Fraud. When employees are isolated and afraid (two factors that are especially pertinent during a pandemic), they are more likely to engage with fraud attempts. Phishing scams have increased by nearly 700% since the pandemic began. Cybersecurity software and automation can stop many of these messages, but some will inevitably make their way into your employees' inboxes. Comprehensive and ongoing awareness training can prevent these hoaxes from causing a serious data breach.
Network access. Offsite employees may use unsecured wireless connections or haphazardly mix personal and professional technology. Employee monitoring software can ensure that employees are using their company-issued technology and that they are managing data in afe and effective ways.
In a hybrid work environment, employee monitoring software is a natural extension of the oversight that regularly occurs in the office. However, small businesses need to be especially intentional about the implementation process.
Best practices for implementing employee monitoring software
1. Promote privacy from day one.
In the digital age, most of our personal information is conveyed through our devices. Often, the lines between personal and professional technology can become blurred, potentially compromising employees' personal information as they interact with the software.
In response, companies should promote privacy from day one by adopting a privacy-by-design approach to employee monitoring. For example, companies can:
Rely on automation as much as possible, reducing the amount of personal data that's reviewed by IT personnel
Auto-redact personal information
Secure employee data whenever possible
Restrict monitoring to specific apps, locations, and times
If employee monitoring software is implemented without notifying employees, your workers may feel that their privacy was violated, diminishing morale and buy-in, but a privacy-first approach to monitoring can ease this conflict.
2. Communicate and collaborate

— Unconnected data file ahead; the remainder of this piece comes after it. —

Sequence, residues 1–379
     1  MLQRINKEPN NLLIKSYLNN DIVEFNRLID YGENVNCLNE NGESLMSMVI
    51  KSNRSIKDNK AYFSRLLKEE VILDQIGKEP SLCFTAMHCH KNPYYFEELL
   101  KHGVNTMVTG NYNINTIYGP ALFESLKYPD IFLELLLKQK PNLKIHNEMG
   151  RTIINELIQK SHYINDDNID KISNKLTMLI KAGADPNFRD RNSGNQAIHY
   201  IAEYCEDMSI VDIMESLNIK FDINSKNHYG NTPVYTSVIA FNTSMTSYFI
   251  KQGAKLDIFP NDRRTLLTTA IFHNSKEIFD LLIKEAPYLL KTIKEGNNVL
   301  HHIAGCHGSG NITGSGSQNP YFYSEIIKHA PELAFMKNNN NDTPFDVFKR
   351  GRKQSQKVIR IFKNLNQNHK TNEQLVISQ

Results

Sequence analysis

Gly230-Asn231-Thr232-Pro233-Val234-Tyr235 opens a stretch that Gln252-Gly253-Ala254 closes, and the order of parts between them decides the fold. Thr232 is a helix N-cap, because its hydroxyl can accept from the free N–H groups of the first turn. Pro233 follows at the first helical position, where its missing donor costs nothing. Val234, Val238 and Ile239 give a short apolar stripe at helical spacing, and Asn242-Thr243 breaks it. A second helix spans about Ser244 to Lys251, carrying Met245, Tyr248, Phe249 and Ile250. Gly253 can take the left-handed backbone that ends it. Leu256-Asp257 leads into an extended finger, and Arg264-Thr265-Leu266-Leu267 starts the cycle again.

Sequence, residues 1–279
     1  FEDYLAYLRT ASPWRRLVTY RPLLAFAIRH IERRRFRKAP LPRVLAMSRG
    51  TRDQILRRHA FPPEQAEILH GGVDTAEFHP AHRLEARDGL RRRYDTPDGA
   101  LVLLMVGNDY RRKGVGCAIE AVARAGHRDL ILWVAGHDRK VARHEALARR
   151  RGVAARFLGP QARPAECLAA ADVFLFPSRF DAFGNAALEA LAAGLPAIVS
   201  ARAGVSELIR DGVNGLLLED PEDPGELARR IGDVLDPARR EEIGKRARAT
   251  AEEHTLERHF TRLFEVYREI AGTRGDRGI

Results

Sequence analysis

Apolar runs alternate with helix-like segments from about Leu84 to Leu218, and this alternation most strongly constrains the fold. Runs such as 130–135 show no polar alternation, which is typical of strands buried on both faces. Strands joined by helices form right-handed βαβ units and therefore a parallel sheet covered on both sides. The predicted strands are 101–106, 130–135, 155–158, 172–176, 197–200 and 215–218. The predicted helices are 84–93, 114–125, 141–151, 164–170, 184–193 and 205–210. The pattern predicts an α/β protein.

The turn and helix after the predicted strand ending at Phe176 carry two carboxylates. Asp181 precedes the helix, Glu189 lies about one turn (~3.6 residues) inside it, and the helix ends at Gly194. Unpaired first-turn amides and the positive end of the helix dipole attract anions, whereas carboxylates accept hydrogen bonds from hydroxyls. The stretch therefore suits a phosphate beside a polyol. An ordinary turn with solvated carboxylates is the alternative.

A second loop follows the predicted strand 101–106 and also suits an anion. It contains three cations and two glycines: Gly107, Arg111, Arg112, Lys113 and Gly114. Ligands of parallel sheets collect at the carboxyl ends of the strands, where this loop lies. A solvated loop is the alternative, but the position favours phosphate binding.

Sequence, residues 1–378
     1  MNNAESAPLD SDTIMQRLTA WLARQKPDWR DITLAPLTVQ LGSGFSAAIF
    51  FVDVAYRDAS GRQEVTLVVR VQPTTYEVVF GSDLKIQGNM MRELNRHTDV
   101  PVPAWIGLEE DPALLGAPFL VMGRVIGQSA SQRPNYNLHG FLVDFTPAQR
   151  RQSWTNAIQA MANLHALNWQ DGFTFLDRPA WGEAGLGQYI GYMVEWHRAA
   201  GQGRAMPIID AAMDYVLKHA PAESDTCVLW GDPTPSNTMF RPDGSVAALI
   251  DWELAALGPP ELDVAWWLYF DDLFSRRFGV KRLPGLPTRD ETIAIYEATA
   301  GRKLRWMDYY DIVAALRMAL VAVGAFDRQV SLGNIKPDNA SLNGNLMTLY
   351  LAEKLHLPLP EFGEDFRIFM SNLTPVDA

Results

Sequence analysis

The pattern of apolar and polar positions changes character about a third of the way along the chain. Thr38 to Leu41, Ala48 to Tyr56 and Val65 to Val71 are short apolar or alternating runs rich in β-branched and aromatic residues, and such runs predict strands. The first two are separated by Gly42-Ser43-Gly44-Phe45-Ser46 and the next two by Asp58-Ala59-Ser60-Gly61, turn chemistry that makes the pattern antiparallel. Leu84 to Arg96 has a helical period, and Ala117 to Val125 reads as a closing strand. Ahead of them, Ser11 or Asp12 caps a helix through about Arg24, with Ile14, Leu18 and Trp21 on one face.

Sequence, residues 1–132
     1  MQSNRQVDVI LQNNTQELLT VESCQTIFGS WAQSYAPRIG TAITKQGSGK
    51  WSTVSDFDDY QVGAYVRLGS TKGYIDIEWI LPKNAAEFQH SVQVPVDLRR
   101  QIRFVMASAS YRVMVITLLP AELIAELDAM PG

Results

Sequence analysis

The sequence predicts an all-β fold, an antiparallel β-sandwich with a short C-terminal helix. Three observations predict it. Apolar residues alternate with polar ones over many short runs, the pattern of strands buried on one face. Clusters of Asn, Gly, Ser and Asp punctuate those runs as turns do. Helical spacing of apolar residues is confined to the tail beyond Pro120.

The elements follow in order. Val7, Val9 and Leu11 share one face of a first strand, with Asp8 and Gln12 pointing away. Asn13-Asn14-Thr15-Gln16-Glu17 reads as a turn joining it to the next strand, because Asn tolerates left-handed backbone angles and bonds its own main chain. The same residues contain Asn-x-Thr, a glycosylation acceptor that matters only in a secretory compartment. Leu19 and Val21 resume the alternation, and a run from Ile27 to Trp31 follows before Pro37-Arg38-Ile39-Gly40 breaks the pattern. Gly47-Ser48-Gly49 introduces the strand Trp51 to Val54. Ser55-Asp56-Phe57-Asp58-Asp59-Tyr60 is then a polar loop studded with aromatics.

Secret monitoring initiatives may seem enticing, but they are unlikely to yield the results you want. Instead, harness your teams' power by collaborating on monitoring requirements and communicating expectations and processes from day one. By operating collaboratively, companies can help ensure that their monitoring goals are met without compromising workplace culture when it's needed most.
3. Prioritize outcomes over activity.
Some leaders are worried that employees will spend their workdays bingeing Netflix and taking absurdly long lunches. These fears are, to some degree, valid, but productivity is about more than just mouse movements and app activity.
In reality, many employees are working long hours that make it unclear when their work stops and their personal lives begin, something that is only exacerbated by a work-from-home arrangement.
Fortunately, companies can help boost productivity and employee well-being simultaneously. By measuring outcomes rather than activity, companies can ensure that they are getting the results they need while giving workers the flexibility that they desire.
As news headlines continually remind us, the economic reality brought about by the coronavirus pandemic is grim. This is especially true for small and medium-sized businesses that face many of the same challenges as large corporations, including a disrupted workforce, reduced foot traffic, and reserved consumer spending, but lack the deep pockets to persevere through this challenging time.
In response, small businesses are redefining agility, pivoting everything from their workplace arrangements to product offerings in an attempt to remain competitive.
Employee monitoring will undoubtedly play a prominent role in this transition, both now and in the months and years ahead. This is an appropriate response to an increasingly decentralized workplace, but some implementations will be more effective than others. By focusing on what matters most, small business leaders can meet the moment without compromise.